Located on Market Street, this popular attraction is known for its talented performers, traditional pipers and spectacular fireworks.
Enjoy the great outdoors, and escape the busy city life. Climb to the top to take in the views, and be sure to pack a picnic lunch.
With hands-on illusions, tricks and a shrinking room, this attraction offers an experience unlike any other.
Head to this outdoor space when the weather is warm to feed the swans or simply stroll the grounds.
Thrill-seekers and children alike will enjoy racing around this track. Parents can enjoy a snack or cup of coffee in the lounge area while the little ones play.
This museum has several floors to explore. Spend the day enjoying art deco and art nouveau pieces in this free museum.
This is Edinburgh's oldest neighbourhood. Browse the small shops that line the streets, or grab a brew at one of the quaint pubs.
With street performers, dining establishments and shops, this is one of the busiest streets in the city.
An opulent crystal chandelier greets visitors who come to this upscale bar. Visit on Sunday, and enjoy the live jazz.
This free wilderness tour offers a unique way to experience the city.
Sample handmade chocolates at this charming cafÃ© on Bruntsfield Place.
A favourite of the locals, this venue is known for its live music and diverse clientele.
This casual eatery has cozy, oversized chairs and a warm atmosphere.
Discover this darling cafÃ©, and enjoy fresh, homemade cake and a hot cup of tea.
Take in a film or two in this retro-style theatre. With four screens and reclining armchairs with footrests, this cinema is a great place to kick up your feet and relax.
Like much of Scotland, Edinburgh has a temperate climate. During December and January, temperatures can hover around freezing, and summer highs climb to about 18Â°C. The months of May through September have pleasant weather and are the best times to visit. If you are planning a trip in the winter, consider New Year's, and experience the Hogmanay festival, which offers live music, delicious food and dazzling fireworks. If you are visiting during the summer, the Fringe festival is celebrated in August and draws thousands of visitors to Edinburgh each year.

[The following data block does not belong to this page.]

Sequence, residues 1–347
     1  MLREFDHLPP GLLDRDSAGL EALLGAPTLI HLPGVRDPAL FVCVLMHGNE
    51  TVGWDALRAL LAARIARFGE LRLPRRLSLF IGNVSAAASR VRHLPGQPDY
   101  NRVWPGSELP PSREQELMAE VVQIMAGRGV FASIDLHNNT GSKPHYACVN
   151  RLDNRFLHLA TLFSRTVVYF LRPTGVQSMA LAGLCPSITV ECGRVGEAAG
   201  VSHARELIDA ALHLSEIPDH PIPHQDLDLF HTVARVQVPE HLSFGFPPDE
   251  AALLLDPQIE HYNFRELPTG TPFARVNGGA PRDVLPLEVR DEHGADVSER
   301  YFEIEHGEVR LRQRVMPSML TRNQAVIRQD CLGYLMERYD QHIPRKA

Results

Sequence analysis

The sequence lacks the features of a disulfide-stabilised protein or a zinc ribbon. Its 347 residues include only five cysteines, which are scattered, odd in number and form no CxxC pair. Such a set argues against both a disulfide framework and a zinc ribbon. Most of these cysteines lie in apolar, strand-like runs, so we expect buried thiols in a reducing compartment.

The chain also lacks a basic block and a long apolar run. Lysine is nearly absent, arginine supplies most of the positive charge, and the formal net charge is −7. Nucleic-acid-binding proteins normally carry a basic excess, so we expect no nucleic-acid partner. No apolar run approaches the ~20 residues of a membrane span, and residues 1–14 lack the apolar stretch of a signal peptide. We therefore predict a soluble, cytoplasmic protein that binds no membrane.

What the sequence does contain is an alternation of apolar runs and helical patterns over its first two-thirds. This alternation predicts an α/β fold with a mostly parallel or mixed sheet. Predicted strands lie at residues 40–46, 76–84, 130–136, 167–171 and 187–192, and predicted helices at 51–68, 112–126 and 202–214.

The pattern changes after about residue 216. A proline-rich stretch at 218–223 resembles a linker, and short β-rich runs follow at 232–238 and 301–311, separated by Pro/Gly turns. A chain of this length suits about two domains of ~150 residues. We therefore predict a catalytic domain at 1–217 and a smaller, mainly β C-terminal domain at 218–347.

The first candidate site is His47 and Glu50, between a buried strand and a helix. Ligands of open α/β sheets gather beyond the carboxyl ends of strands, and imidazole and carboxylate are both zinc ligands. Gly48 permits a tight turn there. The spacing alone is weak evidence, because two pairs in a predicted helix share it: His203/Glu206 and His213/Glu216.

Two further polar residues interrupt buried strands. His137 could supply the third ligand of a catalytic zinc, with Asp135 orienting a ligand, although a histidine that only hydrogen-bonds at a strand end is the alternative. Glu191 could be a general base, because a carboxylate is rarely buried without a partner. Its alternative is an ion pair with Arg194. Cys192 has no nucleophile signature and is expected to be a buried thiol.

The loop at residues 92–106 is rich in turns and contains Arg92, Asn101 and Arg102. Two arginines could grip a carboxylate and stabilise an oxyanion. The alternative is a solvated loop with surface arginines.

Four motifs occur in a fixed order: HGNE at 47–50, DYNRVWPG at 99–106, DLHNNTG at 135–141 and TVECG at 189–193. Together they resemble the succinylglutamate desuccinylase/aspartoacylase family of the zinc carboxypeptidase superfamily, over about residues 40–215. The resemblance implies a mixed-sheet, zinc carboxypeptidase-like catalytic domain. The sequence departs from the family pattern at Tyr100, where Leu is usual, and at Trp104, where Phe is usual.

Edinburgh is Europe’s premier festival city. Its calendar is always crammed with festivals and events, so visitors always have something to look forward to, such as the Snowdrop Festival, Jazz and Blues Festival, and Edinburgh International Festival.
Enjoy one of Scotland’s national exports during a whisky tour with Absolute Escapes. Not only will you be able to taste the best single-malt whisky in the world, the whisky trail will also expose you to beautiful countryside, historical landmarks, and stunning coastal stretches.
For 600 years, golf clubs have been swinging at St. Andrews Links, the most expansive public centre for golf in Europe. The Old Course is considered to be the sport’s original home. By road, the seven golf courses that make up the Links are only an hour from Edinburgh, and the courses are bookable in advance. Host of many Open Championships, the Links have something for golfers of any level. Not a golfer? Take a guided tour of the Old Course on foot. Buy tickets from the guide on the day.
Edinburgh offers eclectic options for shopping. Princes Street is where you will find standard ‘High Street’ labels, while the West End is full of trendy boutiques. New Town will spoil you with its assortment of designer labels, most of which can be found on Multrees Walk. The country’s only Harvey Nichols store is located next to Multrees Walk. If you would rather hunt for vintage treasures, try WM Armstrong & Son in the Grassmarket.
Learn about Edinburgh’s dark past while you visit the most ghost-ridden locations in Old Town, accompanied by spooky stories and eerie subterranean vaults. Mercat Tours provides tours year round.
See Edinburgh from a different perspective with Alba Ballooning. It provides balloon flights over Edinburgh, Fife, the Lothians, and the Scottish Borders. Flights are about an hour long, and can be enjoyed with champagne.
The Macdonald Roxburghe Hotel offers the epitome of luxury. It is among the oldest inns in Edinburgh, but all 198 bedrooms have recently been renovated. Enjoy vistas of Edinburgh Castle and the Charlotte Square gardens, as well as amenities such as a health club, pool, and spa services.
The Howard Hotel might be small, but you can expect to be pampered like a guest at a private mansion. The five-star hotel has 18 uniquely designed bedrooms, all recently renovated. An attentive butler will attend to you from arrival until departure, and there is also a babysitting service.
The Bonham Hotel is an award-winning lodging. The lovely Victorian townhouse is only a short walk from many superb shops and the financial district. There are 48 bedrooms, including luxury suites and deluxe superior rooms. The restaurant is one of Edinburgh’s most excellent contemporary dining spots, featuring a European-inspired menu. The hotel also boasts a permanent collection of artwork.